Benefits of taking a sabbatical year abroad

There are numerous social and professional benefits to spending a sabbatical year abroad. Typically taken between the end of one educational cycle and the beginning of another, a sabbatical year is a unique opportunity to learn differently. It's anything but a year of idleness; rather, it's an adventure filled with new experiences and encounters.

Proponents of sabbatical years also highlight the professional advantages for young people who choose to go abroad. They gain unique experiences that make them more independent, resourceful, and employable. They encounter another culture and a different working world, and they may learn a new language. The health crisis has reignited the desire for sabbatical years, not just among young adults.

The sabbatical year is not accepted everywhere

France, like Belgium, the Czech Republic, Bulgaria, South Korea, and Japan, hasn't fully embraced the concept of a sabbatical year. The United States also has reservations about taking a year off "without a good reason," although the gap year is slowly gaining traction. International relocation, self-discovery, and all the positive aspects of travel and meeting new people aren't always considered valid reasons for a break. In these countries, a gap year is often seen as a wasted year.

Education systems and culture play a significant role here. In France and Japan, for example, academic paths are largely predetermined from primary school onwards. In high school, students must choose their career paths, which creates early pressure. This pressure continues after high school as students strive for the best results to secure a spot in higher education. In Japan, job interviews begin during the final years of study; companies come to recruit the best people before the student has even graduated. Taking a sabbatical year during this period to go abroad is almost impossible.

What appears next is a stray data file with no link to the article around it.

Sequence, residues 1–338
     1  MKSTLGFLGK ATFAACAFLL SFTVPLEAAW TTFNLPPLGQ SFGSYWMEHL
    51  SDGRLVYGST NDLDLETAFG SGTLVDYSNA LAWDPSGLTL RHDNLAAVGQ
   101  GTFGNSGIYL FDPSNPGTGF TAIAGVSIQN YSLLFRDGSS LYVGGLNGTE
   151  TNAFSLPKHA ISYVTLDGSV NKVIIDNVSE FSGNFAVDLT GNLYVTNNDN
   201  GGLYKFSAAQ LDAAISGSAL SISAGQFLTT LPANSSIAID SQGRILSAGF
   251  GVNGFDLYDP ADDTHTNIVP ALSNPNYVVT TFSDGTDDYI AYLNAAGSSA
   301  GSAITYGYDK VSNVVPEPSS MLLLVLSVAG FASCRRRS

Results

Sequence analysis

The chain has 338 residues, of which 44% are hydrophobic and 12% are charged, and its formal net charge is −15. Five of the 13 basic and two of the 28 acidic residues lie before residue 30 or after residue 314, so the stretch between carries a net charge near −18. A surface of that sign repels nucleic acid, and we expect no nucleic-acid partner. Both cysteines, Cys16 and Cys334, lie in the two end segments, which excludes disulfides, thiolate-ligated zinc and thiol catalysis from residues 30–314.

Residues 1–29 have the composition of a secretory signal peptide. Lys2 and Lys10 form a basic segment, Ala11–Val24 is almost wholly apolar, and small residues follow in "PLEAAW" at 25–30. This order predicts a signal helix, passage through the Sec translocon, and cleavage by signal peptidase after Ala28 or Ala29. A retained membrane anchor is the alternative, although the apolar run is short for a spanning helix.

Sabbatical year: By choice or obligation

It's also important to consider whether a sabbatical year is truly desired. In some cases, it may be forced rather than chosen. This might be the case for students who weren't accepted into their program of choice. While not ideal, this unplanned sabbatical year can be used strategically. Students can fill knowledge gaps, learn a foreign language, take additional training, or pursue other activities to improve their chances of success the following year. This way, they can turn a forced break into a productive one.

Anticipated expatriation?

Why is there reluctance towards sabbatical years in some countries? Parents and professionals often view young people taking a sabbatical year abroad unfavorably. Working abroad for an internship, on the other hand, might be seen as more acceptable because it's still within the framework of their studies. However, taking a whole year off, like taking leave, raises concerns among skeptics. It is often seen as a way to escape responsibilities and prioritize "adventure" over career progress. Parents may worry that their child will "fall behind" during their year off, a setback that could affect them "for their whole lives." They fear their child won't be able to "get back on track" with their studies or work, struggle to explain the "gap" in their resume, and ultimately be rejected from the working world.